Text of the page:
Investing in people not an option for Africa in 2019

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At the World Bank and International Monetary Fund Meetings in 2018, nations, especially African nations, were repeatedly told to invest in people along side infrastructure.

Although there were, and still are, many global challenges, including climate change, sustainable development, lingering poverty and famine, as well as disruptive technology, human capital development was a top priority in 2018.

This, experts argued, was because the world was being driven more and more these days by the knowledge-economy.

The invention of an App such as Facebook, Twitter, Uber or LinkedIn can transform lives and affect the way billions of people communicate, look for jobs and get to work around the world.

Besides, investing in people can help find solutions to the challenges of poverty, inequality and many others.

In a newly compiled video posted on YouTube, the World Bank recalled the importance of investing in people in the words of experts.

Knowledge has always been a key ingredient to development and advancement but it is even more so now with a highly interconnected and technology-dependent world.

According to the World Bank, without an urgent and concerted global effort to invest in their people, a lot of countries are in danger of being excluded from future prosperity.

At this year’s World Bank Group/IMF Annual Meetings in Bali, Indonesia, President Jim Yong Kim unveiled the Human Capital Project together with the Human Capital Index which will help measure outcomes including child survival, early hardwiring of children for success, student learning and health.

However, even as investing in people should remain a top priority, climate change would continue to affect the lives of millions of people around the world, especially in Africa.

At the beginning of December, the urgency to limit global warming to below 2°C was heard the world over.

Global leaders gathered in Katowice, Poland for COP24 to finalize the framework of rules that will guide the implementation of the Paris Agreement. There, the World Bank Group announced new targets for 2025 including a major boost in financing for adaptation and delivering low carbon pathways to development.

With a shift in focus to adaptation and resilience, the Bank Group’s announcement of a doubling of its current 5-year investments to around $200 billion in support for countries to take climate action was met with encouragement from a number of influential voices on social media such as Canadian Prime Minister Justin Trudeau, UN Secretary-General Antoni Guterres among others.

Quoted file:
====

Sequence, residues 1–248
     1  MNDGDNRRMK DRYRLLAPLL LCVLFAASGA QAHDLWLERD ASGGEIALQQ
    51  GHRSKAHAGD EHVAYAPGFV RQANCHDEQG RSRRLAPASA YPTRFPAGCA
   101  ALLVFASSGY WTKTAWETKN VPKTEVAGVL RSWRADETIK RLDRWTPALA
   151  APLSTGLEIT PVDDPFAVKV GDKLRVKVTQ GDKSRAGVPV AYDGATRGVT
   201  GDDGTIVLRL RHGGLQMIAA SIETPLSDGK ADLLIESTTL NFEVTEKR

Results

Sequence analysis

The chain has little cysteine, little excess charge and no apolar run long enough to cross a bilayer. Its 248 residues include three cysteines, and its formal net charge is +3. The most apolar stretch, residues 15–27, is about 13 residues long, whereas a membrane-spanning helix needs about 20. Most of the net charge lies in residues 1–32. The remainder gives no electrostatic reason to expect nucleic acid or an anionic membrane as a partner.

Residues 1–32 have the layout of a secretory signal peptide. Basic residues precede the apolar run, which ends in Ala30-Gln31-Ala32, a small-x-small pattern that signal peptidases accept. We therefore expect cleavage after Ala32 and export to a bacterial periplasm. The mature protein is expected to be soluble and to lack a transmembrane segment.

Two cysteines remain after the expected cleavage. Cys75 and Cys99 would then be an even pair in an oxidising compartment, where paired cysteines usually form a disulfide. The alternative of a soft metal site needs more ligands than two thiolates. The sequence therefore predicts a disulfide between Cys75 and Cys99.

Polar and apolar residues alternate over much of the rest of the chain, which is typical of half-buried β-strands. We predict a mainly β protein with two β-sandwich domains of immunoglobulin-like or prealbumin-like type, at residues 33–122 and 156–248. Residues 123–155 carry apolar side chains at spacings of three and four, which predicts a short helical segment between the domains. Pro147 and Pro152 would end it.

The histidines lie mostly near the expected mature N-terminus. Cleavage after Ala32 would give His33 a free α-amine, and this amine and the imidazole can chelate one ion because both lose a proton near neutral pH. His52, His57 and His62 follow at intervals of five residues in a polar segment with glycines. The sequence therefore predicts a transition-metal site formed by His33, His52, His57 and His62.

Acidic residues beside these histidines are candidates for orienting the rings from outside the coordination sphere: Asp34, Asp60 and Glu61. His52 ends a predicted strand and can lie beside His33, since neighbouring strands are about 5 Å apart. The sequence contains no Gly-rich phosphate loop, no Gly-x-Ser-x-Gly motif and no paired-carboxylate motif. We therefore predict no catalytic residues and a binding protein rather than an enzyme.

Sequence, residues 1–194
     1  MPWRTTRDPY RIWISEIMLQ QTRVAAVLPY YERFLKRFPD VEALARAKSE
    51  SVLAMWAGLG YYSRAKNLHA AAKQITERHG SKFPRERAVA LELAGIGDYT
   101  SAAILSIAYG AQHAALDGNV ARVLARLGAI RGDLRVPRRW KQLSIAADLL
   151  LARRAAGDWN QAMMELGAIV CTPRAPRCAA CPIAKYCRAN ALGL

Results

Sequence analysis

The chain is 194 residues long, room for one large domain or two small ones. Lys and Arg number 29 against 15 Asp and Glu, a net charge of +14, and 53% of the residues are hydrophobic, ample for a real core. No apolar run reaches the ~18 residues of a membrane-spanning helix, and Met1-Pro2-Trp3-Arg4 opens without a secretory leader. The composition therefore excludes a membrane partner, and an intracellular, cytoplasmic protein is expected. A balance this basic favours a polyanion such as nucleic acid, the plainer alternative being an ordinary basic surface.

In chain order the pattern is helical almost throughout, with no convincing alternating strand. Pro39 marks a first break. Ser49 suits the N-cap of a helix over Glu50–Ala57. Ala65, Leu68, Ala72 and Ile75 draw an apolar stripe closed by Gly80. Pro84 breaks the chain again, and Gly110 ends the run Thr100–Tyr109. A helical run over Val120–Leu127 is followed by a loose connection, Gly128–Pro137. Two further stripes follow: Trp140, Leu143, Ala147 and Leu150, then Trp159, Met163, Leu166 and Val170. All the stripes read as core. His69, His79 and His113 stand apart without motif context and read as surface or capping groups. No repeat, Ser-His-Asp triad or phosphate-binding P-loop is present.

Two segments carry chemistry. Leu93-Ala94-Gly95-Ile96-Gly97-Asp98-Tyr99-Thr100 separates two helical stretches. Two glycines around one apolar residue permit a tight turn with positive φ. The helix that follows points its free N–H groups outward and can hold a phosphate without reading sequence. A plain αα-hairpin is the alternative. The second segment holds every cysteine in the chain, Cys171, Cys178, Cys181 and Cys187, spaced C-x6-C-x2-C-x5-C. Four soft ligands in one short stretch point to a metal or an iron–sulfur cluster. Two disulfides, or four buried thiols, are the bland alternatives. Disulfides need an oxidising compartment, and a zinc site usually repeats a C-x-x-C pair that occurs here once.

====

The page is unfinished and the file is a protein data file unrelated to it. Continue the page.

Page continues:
On technology, the World Bank noted in a recent article that “all around us, we can see the evidence of technology disrupting how we live our everyday life. In global development, innovators are increasingly deploying technology in an effort to solve some of the world’s pressing challenges”.

“One of these challenges is famine. Today, 124 million people experience crisis-levels of food insecurity and over half of them are in situations affected by conflict. That’s why in September this year, The United Nations, World Bank, International Committee of the Red Cross, Microsoft Corp., Google and Amazon Web Services launched the Famine Action Mechanism (FAM), the first mechanism dedicated to preventing future famines”.

Simon Ateba | Today News Africa
Simon Ateba | Today News Africa
Born in a small village in Cameroon, groomed in Nigeria's most populous city of Lagos, and now in Washington D.C. to practice journalism at a global level, Simon is an investigative journalist and publisher of TODAY NEWS AFRICA based in Washington DC
Simon Ateba | Today News Africa
Simon Ateba | Today News Africa
Born in a small village in Cameroon, groomed in Nigeria's most populous city of Lagos, and now in Washington D.C. to practice journalism at a global level, Simon is an investigative journalist and publisher of TODAY NEWS AFRICA based in Washington DC

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